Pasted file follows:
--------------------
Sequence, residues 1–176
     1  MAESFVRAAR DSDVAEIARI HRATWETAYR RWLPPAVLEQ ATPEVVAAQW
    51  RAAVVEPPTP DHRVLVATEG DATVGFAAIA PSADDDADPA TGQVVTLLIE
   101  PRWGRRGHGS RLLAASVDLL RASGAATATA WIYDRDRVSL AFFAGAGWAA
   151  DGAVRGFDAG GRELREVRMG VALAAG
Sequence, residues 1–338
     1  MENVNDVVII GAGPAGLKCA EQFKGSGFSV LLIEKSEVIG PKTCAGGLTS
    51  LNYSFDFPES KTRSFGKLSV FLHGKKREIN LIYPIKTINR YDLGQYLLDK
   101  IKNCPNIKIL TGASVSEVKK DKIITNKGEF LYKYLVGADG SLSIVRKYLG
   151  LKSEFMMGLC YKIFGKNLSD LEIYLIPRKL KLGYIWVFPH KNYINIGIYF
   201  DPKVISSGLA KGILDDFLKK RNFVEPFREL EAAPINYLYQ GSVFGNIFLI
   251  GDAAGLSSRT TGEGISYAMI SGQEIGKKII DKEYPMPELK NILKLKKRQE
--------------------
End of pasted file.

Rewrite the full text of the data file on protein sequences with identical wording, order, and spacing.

Sequence, residues 1–176
     1  MAESFVRAAR DSDVAEIARI HRATWETAYR RWLPPAVLEQ ATPEVVAAQW
    51  RAAVVEPPTP DHRVLVATEG DATVGFAAIA PSADDDADPA TGQVVTLLIE
   101  PRWGRRGHGS RLLAASVDLL RASGAATATA WIYDRDRVSL AFFAGAGWAA
   151  DGAVRGFDAG GRELREVRMG VALAAG
Sequence, residues 1–338
     1  MENVNDVVII GAGPAGLKCA EQFKGSGFSV LLIEKSEVIG PKTCAGGLTS
    51  LNYSFDFPES KTRSFGKLSV FLHGKKREIN LIYPIKTINR YDLGQYLLDK
   101  IKNCPNIKIL TGASVSEVKK DKIITNKGEF LYKYLVGADG SLSIVRKYLG
   151  LKSEFMMGLC YKIFGKNLSD LEIYLIPRKL KLGYIWVFPH KNYINIGIYF
   201  DPKVISSGLA KGILDDFLKK RNFVEPFREL EAAPINYLYQ GSVFGNIFLI
   251  GDAAGLSSRT TGEGISYAMI SGQEIGKKII DKEYPMPELK NILKLKKRQE